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097R | The Good Dad Project

A conversation with Larry Hagner from The Good Dad Project updating Brad on the recent financial changes he’s made in pursuit of more financial independence and his family’s budgeting strategies, as well as highlight’s from Monday’s episode from The White Coat Investor.
  • Jonathan gives an update on his vegan experiment.
  • Adopting a meatless diet was relatively easy, but going all-in vegan is more challenging.
  • Dr. Dahle, from Monday’s episode, pioneered DIY personal finance.
  • No one has a more personal interest in your personal finance than you do.
  • What makes Dr. Dahle’s ‘investing policy’ so valuable?
  • Larry Hagner, founder of The Good Dad Project, comes on the show and talks about how and why he started the project.
  • The biggest lessons Larry’s learned along the way:
    • Don’t come home with a wallet full of money and a house full of strangers.
    • Constantly date your wife.
    • Isolation is the enemy of excellence.
  • It’s easy to share life’s wins, but when things are difficult, it’s easiest to withdraw from community.
  • After Brad was a guest on Larry’s podcast, he’s made some significant changes to his financial mindset.
  • Early in his marriage Larry managed their finances, paying off $80k of debt, but doing it in a somewhat reckless manner.
  • Managing finances together with his wife, as a team, is crucial to Larry.
  • Did Brad or Jonathan have any financial education growing up?
  • Larry has started putting money into an account that he can use to pay off their mortgage in 7 years or less.
  • He and his wife are buying a rental property to assist with paying off his mortgage.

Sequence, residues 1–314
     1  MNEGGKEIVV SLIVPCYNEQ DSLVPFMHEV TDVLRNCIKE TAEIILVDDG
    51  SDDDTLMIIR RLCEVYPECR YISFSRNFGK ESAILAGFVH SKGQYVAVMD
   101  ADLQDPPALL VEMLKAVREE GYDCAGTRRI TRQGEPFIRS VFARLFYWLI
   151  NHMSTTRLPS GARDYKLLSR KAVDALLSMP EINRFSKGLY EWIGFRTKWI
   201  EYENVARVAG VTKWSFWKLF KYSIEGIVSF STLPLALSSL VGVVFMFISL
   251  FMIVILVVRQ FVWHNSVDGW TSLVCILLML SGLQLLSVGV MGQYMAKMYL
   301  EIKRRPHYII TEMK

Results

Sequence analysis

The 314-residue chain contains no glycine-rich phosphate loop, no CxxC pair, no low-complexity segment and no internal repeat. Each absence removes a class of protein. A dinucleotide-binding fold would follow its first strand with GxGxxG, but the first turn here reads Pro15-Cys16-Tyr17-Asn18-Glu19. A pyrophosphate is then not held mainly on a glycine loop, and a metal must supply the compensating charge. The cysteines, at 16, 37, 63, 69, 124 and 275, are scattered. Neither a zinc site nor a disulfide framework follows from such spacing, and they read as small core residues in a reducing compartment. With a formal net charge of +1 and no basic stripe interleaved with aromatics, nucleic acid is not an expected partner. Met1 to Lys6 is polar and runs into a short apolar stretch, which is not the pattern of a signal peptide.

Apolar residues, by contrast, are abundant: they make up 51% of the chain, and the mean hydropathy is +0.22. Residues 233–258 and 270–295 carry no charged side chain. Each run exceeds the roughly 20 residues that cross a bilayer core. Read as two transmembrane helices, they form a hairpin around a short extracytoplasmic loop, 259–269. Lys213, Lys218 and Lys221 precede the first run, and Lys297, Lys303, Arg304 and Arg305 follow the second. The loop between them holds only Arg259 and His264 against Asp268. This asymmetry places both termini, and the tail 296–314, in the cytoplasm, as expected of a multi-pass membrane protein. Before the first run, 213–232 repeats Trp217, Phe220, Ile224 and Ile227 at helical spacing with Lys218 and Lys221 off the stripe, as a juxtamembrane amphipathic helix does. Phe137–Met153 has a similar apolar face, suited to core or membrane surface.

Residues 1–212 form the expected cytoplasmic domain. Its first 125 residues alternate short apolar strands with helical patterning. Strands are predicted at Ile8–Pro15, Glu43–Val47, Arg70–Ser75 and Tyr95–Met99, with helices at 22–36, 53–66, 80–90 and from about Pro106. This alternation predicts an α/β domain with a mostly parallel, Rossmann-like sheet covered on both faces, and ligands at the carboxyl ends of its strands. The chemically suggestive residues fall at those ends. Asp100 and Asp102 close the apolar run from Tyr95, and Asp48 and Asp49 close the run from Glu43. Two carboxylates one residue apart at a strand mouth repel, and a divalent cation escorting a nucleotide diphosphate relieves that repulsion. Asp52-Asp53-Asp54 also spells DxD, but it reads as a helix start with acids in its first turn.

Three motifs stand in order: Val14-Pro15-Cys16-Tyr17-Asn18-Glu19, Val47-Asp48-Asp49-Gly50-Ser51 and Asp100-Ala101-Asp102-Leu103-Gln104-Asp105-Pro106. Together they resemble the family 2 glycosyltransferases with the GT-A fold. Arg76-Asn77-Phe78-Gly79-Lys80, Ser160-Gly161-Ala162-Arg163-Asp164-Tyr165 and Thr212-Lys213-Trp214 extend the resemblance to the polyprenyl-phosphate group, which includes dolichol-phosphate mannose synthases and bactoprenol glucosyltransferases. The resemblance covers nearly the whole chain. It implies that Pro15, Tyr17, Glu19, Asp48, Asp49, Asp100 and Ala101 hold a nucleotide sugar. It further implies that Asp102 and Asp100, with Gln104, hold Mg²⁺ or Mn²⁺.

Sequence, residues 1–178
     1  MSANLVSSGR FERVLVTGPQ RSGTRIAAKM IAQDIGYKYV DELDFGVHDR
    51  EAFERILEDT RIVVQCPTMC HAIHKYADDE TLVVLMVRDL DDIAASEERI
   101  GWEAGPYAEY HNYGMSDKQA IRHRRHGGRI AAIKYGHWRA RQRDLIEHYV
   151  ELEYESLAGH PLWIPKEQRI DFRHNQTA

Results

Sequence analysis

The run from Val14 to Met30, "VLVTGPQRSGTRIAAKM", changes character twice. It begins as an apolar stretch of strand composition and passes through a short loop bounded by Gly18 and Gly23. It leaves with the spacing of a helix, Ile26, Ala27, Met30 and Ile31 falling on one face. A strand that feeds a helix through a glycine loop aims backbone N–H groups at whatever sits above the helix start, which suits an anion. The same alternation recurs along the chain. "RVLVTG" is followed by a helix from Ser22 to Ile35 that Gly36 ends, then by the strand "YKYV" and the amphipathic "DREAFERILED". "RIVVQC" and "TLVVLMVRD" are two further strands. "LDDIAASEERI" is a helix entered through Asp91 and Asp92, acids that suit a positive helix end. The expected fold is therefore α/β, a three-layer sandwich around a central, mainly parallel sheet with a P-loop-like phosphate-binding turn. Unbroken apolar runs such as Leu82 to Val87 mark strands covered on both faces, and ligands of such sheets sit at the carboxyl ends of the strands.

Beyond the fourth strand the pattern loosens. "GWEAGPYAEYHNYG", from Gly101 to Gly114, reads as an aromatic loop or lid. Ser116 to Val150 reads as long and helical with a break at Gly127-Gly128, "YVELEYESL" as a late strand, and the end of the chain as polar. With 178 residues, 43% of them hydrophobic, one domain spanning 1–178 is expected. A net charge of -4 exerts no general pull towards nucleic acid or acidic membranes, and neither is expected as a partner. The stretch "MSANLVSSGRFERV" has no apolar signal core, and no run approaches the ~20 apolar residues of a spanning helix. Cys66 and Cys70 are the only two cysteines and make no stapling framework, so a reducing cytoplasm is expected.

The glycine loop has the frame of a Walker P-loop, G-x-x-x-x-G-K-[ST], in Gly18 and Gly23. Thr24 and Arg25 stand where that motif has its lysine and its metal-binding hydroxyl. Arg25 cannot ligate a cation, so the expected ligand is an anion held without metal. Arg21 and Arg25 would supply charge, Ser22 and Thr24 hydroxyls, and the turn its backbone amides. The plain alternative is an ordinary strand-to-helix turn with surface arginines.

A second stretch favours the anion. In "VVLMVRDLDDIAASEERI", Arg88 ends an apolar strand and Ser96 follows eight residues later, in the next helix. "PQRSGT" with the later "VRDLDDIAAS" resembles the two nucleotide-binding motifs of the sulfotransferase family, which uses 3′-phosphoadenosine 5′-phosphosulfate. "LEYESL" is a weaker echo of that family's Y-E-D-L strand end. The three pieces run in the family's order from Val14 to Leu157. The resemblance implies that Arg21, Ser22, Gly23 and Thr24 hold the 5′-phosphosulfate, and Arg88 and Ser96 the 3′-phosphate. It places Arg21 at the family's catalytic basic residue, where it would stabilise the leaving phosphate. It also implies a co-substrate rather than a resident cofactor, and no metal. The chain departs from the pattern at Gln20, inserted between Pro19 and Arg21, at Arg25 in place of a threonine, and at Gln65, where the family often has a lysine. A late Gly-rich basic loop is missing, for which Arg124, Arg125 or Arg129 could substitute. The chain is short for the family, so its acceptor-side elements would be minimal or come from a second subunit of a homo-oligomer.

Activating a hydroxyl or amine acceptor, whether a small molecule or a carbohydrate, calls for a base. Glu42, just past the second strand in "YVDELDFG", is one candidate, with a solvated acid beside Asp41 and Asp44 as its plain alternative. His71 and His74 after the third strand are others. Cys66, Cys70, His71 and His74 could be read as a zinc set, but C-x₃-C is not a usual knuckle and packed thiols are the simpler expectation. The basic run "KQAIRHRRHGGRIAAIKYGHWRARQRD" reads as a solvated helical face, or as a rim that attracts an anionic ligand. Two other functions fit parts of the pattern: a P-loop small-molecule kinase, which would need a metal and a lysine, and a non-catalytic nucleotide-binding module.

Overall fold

• Automating payments/withdrawals will dramatically increase the chances that you will follow through on your investment plans.
  • What does it actually take to feed four hungry boys?
  • Larry and his wife are trying out strategies for where to shop, and how to shop for food.
  • Larry talks through the logic behind the way he budgets for all the ‘unexpected’ or inconsistent expenses that come with life.
  • Larry is experimenting with allowance for his boys:
    • A higher allowance for his older boys = they’re responsible for haircuts, purchasing clothes, putting money in savings and giving 10% for charity.
 

Resources mentioned:

Sweet Korean Lentils Vegan Pad Thai “ChooseFI: Stock Market, Tax and Retirement Hacks” – The Good Dad Project
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Sometimes on the journey to FI, we ask ourselves the following; do I really need to spend money on this? Do I really have the time and resources for that? These questions may be easy to dismiss by saying no in order to stay on track with your financial goals, but by dismissing them, you could be missing out on something that is beneficial to your personal journey! This week we are joined by friend of the podcast, Chris Hutchins, to talk about the hacks for optimizing your life, the differences between cheapness and frugality, and the importance of valuing your time and what it can lead to. Saving money is an important part of achieving FI, but you should never feel so restricted that you miss out on investing your time and money in things that bring joy and value into your life. While saving is important, it’s okay to spend money. Whether it’s on a trip or investing in something new, there are ways to make it work without feeling guilt or shame. Prioritizing and valuing your time can introduce new experiences and provide happiness as well as perspective while on this journey! 

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